"The ISEC promotes the development, construction and operation of a Space Elevator (SE) Infrastructure as a revolutionary and efficient way to space for all humanity."
The March, 2016 issue of the ISEC Newsletter is now available - you can access it here.
This is a very full issue - including information about the latest ISEC Report (Design Characteristics of a Space Elevator Earth Port) which has just been released, a notification that Registration is NOW OPEN for the 2016 ISEC Space Elevator Conference and much, much more!
A new ISEC Report, Design Characteristics of a Space Elevator Earth Port, is now available in both print and electronic formats. This report is the latest in a series of yearly ISEC publications - each one designed to explore a specific aspect of understanding, constructing and/or operating a space elevator. This is the fifth report in this series. Previous report topics included:
- Space Debris Mitigation - Space Elevator Survivability
- Concept of Operations
- Design Considerations on Space Elevator Tether Climber
- Space Elevator Architectures and Roadmaps
This current report, Design Characteristics of a Space Elevator Earth Port, "...provides the International Space Elevator Consortium’s (ISEC) view of the Earth Port (formerly known as the Marine Node) of a Space Elevator system. The Earth Port: Serves as a mechanical and dynamical termination of the space elevator tether; Serves as a port for receiving and sending Ocean Going Vessels (OGVs); Provides landing pads for helicopters from the OGVs; Serves as a facility for attaching and detaching payloads to and from tether climbers and attaching and detaching climbers to and from the tether; Provides tether climber power for the 40 km above the Floating Operations Platform (FOP); and, Provides food and accommodation for crew members as well as power, desalinization, waste management and other such support."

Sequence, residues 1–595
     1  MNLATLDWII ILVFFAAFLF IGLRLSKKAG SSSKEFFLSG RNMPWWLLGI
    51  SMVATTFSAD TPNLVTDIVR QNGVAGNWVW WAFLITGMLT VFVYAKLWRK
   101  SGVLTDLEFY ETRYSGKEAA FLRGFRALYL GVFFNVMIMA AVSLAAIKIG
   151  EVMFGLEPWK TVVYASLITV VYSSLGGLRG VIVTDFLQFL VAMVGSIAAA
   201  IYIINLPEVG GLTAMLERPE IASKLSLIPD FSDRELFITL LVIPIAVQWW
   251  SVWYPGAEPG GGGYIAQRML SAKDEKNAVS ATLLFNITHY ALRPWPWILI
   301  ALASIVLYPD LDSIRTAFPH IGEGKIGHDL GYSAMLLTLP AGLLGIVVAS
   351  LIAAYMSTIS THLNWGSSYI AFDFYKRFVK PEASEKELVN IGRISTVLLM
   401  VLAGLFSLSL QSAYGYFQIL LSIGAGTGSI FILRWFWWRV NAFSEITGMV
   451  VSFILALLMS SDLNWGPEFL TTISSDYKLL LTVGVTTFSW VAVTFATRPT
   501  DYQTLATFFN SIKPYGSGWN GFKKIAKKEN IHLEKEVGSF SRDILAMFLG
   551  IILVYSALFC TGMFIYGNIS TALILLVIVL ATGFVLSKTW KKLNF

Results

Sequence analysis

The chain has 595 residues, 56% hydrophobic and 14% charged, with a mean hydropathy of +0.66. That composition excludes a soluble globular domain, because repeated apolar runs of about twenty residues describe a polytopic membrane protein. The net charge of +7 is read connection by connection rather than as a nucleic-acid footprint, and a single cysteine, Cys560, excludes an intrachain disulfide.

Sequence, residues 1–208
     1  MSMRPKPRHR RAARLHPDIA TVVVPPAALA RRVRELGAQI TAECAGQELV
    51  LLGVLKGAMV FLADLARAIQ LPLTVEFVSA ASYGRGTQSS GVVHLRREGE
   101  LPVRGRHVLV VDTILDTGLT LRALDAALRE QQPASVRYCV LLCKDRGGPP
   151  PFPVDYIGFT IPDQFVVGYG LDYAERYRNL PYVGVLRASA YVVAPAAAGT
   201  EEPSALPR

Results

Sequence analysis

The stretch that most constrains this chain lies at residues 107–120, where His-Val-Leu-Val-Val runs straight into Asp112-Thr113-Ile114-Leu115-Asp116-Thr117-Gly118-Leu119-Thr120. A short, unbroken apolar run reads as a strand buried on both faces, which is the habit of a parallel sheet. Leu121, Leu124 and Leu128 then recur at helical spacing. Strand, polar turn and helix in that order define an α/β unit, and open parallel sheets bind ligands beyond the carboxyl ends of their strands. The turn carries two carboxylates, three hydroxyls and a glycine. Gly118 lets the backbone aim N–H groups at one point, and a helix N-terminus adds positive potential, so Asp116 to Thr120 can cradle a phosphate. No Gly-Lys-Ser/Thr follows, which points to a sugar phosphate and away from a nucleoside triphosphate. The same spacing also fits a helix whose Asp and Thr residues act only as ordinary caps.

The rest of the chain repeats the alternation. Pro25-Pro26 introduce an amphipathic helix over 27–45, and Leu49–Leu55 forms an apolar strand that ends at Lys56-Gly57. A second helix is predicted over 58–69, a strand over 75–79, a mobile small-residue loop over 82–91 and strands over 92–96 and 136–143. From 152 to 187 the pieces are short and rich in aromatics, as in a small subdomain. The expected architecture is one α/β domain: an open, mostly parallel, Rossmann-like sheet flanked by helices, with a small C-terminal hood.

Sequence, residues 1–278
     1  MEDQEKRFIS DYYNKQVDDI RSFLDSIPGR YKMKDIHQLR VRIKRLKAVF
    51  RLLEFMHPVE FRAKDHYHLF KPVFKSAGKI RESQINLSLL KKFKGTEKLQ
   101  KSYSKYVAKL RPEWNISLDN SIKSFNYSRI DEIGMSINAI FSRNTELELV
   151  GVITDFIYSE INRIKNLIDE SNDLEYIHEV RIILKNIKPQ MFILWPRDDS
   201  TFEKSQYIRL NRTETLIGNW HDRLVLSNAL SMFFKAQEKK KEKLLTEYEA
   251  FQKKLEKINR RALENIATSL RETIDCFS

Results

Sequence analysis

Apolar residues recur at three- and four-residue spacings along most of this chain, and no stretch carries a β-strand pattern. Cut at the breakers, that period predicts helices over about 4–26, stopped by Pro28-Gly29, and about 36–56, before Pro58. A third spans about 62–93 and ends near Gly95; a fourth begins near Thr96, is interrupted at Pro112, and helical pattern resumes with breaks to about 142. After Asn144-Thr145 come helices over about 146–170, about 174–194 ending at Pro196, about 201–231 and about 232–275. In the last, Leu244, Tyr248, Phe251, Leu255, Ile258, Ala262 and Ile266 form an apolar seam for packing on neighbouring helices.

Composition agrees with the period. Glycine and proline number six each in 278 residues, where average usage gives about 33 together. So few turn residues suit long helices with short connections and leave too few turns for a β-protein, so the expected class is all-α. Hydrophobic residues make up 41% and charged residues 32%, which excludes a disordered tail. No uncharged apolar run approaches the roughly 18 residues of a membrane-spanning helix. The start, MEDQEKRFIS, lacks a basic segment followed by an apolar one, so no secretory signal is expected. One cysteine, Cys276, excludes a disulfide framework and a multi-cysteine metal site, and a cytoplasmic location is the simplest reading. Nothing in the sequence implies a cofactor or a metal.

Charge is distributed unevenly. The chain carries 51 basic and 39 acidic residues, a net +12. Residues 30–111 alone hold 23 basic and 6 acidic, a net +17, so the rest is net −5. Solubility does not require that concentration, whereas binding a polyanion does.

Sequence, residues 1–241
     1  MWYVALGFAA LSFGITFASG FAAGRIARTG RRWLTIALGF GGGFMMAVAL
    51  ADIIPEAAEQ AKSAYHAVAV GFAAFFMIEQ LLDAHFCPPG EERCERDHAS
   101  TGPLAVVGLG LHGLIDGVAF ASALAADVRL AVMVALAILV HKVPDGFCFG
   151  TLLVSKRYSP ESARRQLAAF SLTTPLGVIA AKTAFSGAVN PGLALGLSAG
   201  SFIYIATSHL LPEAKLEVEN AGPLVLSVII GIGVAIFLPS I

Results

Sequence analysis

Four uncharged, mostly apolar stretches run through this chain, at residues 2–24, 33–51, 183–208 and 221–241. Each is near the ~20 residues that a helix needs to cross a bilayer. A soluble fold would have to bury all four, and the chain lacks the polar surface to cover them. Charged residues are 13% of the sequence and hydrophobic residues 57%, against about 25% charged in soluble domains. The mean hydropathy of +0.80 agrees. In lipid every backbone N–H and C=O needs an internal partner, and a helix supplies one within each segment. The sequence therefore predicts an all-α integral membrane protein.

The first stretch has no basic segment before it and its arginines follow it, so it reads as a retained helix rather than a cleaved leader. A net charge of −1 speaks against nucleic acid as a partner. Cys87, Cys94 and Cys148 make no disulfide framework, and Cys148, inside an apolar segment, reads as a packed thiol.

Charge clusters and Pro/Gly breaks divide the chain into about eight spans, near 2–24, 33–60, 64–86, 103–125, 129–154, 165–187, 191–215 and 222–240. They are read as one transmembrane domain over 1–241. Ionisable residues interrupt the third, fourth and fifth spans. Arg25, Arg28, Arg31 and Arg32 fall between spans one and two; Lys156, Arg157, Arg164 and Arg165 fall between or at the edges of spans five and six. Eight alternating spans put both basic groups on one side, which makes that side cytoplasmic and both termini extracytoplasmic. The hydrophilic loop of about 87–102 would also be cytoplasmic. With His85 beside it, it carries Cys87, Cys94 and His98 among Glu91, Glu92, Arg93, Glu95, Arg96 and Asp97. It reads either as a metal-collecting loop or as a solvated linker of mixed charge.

It is available in print format for $9.00 or electronic (pdf) format for $2.15 from the ISEC Store.
A new document has been posted on this website summarizing the major architectural designs of the space elevator which have been proposed over the years. From the introduction:
Space Elevator Architectures have matured since their introduction in the last decade of the 19th century, shown in the 20th century with science fiction expanding many concepts, and finally with modern day designs during the first two decades of the 21st century...
Konstantin Tsiolkovsky, a Russian rocket scientist, pioneered astronautics’ theory in general and specifically conceptualized a building growing to GEO orbit, in 1895 [Tsiolkovski, 1959]. This particular concept focused on aspects of the Geosynchronous orbit. This led to a series of five space elevator architectures over the last 75 years. The first two were significant leaps in understanding, while the last three have lead to the current breadth of concepts:
- In 1960, Yuri Artsutanov presented a real approach visualizing how it could be achieved – a big leap from Tsiolkovsky’s concept.
- Then, in 1974, Jerome Pearson resolved many issues with engineering calculations of the required tether strengths and various approaches for deployment. This was, once again, a leap beyond Tsiolkovsky’s work and set the stage for the “modern design” for space elevators.
- Dr. Edwards established the current baseline for designing space elevator infrastructures at the turn of the century with his book: “Space Elevators” [Edwards, 2002]. He established that the engineering could be accomplished in a reasonable time with reasonable resources. His baseline is solid; and, it was leveraged for the next two refinements of this transportation infrastructure concept.
- The International Academy of Astronautics used Dr. Edwards’ design and the intervening ten years of excellent development work from around the globe. Forty-‐one authors combined to improve the concept and establish new approaches, expanding the Edwards’ baseline.
- The most recent version of space elevator architectures is the recently released view by the Obayashi Corporation. Their set of assumptions of the study established stricter requirements and resulted in a longer developmental period with increased payload capacity.
This document can be found on the Resources Tab in the Main Menu or you can click here.